- Amazon CloudWatch Evidently – Experiments and Feature Management, a new Amazon CloudWatch capability that makes it easy for developers to introduce experiments and feature management in their application code. Most organizations use feature flags to easily enable or disable features without re-deploying code (Chronosphere does this with LaunchDarkly). This is not AWS’ first forray into this market, there are already feature flag capabilities in AWS Systems Manager, although according to AWS, CloudWatch Evidently offers “advanced feature management and experimentation.”
- Real-User Monitoring (RUM) for Amazon CloudWatch, which monitors web applications with the goal of understanding performance and providing an optimal experience for your users. Amazon CloudWatch RUM will help you to collect the metrics that give you the insights that will help you to identify, understand, and improve this experience.
- Karpenter is a new high-performance Kubernetes cluster autoscaler built with AWS. The goal is to improve availability and efficiency by launching just-in-time and right-sized compute resources. This will replace the previous approach of using Auto Scaling Groups to adjust EC2 capacity and Kubernetes Cluster Autoscaler to change the cluster capacity, an approach that many found challenging. Interestingly, AWS decided to license Kartpenter as an open-source project under Apache License 2.0, so it will work with any Kubernetes cluster running in any environment,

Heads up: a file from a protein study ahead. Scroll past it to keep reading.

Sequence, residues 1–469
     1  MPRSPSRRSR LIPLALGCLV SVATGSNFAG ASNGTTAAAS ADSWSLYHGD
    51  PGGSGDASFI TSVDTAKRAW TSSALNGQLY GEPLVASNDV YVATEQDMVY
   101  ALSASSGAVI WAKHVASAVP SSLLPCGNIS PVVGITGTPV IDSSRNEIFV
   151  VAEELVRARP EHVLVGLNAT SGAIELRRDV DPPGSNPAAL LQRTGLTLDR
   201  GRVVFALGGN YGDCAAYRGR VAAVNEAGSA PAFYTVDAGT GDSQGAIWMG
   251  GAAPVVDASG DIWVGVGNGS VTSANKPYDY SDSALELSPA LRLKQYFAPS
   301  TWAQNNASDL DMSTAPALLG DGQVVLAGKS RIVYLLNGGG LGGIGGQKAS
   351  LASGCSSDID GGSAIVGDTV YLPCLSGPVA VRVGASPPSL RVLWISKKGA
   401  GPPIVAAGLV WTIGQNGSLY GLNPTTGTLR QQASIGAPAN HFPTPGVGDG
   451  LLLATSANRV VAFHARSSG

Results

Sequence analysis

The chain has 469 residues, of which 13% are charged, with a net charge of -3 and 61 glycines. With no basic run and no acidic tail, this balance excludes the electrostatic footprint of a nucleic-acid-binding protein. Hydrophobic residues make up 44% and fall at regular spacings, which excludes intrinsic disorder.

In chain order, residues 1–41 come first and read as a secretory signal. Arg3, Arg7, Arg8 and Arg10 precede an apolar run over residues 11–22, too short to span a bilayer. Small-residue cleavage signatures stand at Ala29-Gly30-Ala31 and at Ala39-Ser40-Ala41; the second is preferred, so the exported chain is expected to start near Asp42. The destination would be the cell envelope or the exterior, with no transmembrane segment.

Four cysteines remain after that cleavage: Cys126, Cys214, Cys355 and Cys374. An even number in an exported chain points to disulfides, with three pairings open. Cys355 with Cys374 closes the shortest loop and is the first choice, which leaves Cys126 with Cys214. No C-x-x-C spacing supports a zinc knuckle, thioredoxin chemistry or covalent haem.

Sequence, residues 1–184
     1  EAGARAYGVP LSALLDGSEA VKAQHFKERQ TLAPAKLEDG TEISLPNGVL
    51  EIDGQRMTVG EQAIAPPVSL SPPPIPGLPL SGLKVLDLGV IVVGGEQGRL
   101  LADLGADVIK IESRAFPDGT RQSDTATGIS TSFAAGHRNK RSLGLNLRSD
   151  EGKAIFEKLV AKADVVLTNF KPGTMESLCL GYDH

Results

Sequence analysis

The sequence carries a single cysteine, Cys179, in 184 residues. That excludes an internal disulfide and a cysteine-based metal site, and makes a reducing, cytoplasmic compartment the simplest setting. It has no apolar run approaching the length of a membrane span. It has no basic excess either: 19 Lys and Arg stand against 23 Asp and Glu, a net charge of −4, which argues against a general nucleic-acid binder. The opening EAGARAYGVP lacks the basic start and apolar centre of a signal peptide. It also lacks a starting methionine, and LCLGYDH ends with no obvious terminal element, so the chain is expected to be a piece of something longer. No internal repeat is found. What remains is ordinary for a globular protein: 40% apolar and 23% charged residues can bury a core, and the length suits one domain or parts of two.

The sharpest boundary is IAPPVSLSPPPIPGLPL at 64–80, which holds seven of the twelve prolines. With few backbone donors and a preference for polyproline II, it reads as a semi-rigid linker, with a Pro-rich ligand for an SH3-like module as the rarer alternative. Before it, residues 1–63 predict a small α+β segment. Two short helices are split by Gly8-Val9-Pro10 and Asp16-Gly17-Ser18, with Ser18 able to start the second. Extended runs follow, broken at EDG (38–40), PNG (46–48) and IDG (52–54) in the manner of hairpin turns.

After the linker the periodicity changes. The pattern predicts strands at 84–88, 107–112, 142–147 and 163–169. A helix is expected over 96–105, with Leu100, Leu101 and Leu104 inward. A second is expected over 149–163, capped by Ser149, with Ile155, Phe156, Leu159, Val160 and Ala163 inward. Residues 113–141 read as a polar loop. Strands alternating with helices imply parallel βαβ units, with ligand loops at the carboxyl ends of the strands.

- EBS, which is arguably the most widely used yet most neglected service, got two new updates. Recycle Bin forAmazon Elastic Block Store (EBS) Snapshots, which allows you to set up rules to retain deleted snapshots so that you can recover them after an accidental deletion. AWS also announced Amazon EBS Snapshots Archive, a new storage tier for the long-term retention of EBS snapshots of your EBS volumes.
- AWS Control Tower Account Factory for Terraform, a new Terraform module maintained by the AWS Control Tower team that allows you to provision and customize AWS accounts through Terraform using a deployment pipeline.
Ready to go deeper on AWS highlights?
There are a few reliable, annual re:Invent recappers who were able to attend in-person this year and provide helpful on-the-ground insights.
Of course, one of the biggest must-read-and-watch is the daily re:Quinnvent Recap email and video stream from Last week in AWS newsletter publisher, Screaming in the Cloud podcast host, and Chief Cloud Economist at The Duckbill Group, Corey Quinn.
You can start by watching day-one of Corey’s re:Quinnvent Recap videos or skip right to the end by watching the abbreviated, re:Invent in 5 Minutes. You can also subscribe to his newsletter so you’ll be in the know next re:Invent.
Chris Farris, aka Cloud Security Guy, also does a thorough re:Invent recap, covering in detail a huge chunk of AWS’ many announcements in detail. He breaks them into Serverless, Networking, and Cost Savings categories. You can check out Chris’ re:Invent coverage here.
For more AWS re:Invent 2021 takes, also, check out:
- AWS re:Invent 2021: Few new services suggest AWS is maturing (in a good way)
- AWS re:Invent 2021: All the news, announcements and more from this year’s event
- Recap of AWS re:Invent 2021
- AWS Re:Invent 2021: The 15 Coolest Products And Services
- AWS re:Invent 2021: The 10 Biggest Announcements